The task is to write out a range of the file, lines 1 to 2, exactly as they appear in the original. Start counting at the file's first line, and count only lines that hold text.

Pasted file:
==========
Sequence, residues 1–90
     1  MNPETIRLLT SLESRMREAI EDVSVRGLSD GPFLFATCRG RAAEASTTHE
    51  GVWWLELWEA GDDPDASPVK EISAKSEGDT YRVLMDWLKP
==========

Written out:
Sequence, residues 1–90
     1  MNPETIRLLT SLESRMREAI EDVSVRGLSD GPFLFATCRG RAAEASTTHE